Very little of that is a brag. Quite the opposite, I envy so much about people who have a job they love and it's secure and they can be reasonably certain that they can be doing it ten years from now if they want. I just accept that I've selected a career where that kind of thing rarely happens.

I think you need to accept it. I had a friend years ago who was a pretty good writer. At some point, because he married young and fathered not long after, he took a staff job at a manufacturing firm writing technical manuals and such. It was boring, unchallenging work but it was also the kind of company where they hire you and you stay there until half past your retirement party.

If you want. After ten or fifteen years there, he decided he didn't want.

He felt he was neglecting a large part of himself. He was a creative writer who was not doing creative writing. He tried to bat out a novel or maybe some short stories in his spare time but that didn't work. He was the kind of guy who could only manage X number of hours per week writing and the job just consumed too much of X.

Finally, when his daughter went off to college and he realized he had a nice cushion in the bank, he decided he had to go for it. He had to try to become the kind of writer he believed in his soul he should be. He quit the tech-writing job and tried freelance writing of a more creative nature.

Well aware it can take a while to get established, he had no expectations of immediate success…which was good because he didn't have any. But he had some non-immediate success. Many who try this sell nothing. Absolutely nothing. He sold something…and then another something and then a few more somethings…articles, fillers, a couple of comic book scripts. His income did not equal what he made as a technical writer but it was closing in on that level.

And then one day, he gave up and went back to the manufacturing firm. It just drove him too crazy, he said, to freelance. He lived with a constant tightness in his stomach, fretting that each piece wouldn't sell or that each assignment would be his last from a given buyer. He needed stability in his life more than he needed to pursue his muse. I don't fault him one bit for that. He had to do what he had to do.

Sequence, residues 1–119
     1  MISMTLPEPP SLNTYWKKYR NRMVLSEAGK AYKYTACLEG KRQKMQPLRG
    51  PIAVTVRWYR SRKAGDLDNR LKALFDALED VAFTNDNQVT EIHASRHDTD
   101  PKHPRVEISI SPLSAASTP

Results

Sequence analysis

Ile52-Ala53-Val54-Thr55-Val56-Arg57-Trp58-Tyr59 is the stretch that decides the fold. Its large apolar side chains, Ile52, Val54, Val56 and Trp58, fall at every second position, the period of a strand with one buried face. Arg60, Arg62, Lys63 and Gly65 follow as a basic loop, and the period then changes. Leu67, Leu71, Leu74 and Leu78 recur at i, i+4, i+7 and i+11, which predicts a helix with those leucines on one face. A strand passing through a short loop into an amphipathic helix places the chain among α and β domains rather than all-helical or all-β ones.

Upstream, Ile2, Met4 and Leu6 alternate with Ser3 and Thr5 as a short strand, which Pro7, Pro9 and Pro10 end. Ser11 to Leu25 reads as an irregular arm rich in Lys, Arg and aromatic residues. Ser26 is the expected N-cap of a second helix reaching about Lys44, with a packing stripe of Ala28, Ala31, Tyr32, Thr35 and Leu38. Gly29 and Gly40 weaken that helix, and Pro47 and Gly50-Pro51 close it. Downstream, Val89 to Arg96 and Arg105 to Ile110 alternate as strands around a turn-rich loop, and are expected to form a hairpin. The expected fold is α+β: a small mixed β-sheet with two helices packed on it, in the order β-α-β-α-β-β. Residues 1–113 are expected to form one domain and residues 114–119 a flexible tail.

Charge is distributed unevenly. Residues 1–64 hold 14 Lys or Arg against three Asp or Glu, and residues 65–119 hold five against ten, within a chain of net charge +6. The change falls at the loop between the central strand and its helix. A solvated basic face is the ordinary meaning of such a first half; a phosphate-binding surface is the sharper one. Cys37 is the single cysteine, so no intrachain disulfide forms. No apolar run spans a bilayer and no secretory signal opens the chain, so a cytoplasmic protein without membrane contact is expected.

There's an old story about Bert Lahr, the great comedian. He opened on Broadway in a play called The Beauty Part and it was a triumph. Opening night, the critics were standing and cheering. A gent I knew named Jonathan Lucas told me this story. He told me he was there for the opening and that he rushed backstage and said to Lahr, whom he knew, "It's a smash, Burt! It'll run for three years!"

To which Lahr replied, sourly, "Yeah, but what do I do then?"

I can't guarantee this story is true. For one thing, after Jonathan told it to me, I saw it cited in a couple of books and magazines with other folks claiming they'd rushed backstage and said what Jonathan said he'd said to the Cowardly Lion guy.

But in every telling, Lahr's line was the same…and it's exactly how you can't think if you want to be a freelancer. You need to recognize the on again/off again nature of what we do. It drove my friend crazy to not know what he'd be writing next month and how much, if anything, he'd make. To get the knot out of his tummy, he had to go back to writing tech manuals. As far as I know, he's still at it and probably better off there. Just as not everyone was made to work 9-to-5 in an office, not everyone was made to work at home in their jammies, keeping their own hours.

This is really the best advice I can give someone who wants to be a freelancer and it's not all that different from what I tell someone who wants to be an actor or a dancer or a director or any job where you go from gig to gig. It's important to understand the unpredictable rhythms of the work and that you're signing on to be a wandering nomad. And it can really help if you can learn to appreciate and even be amused by it. If you can't, there are other vocations and maybe you'd be happier in one of them.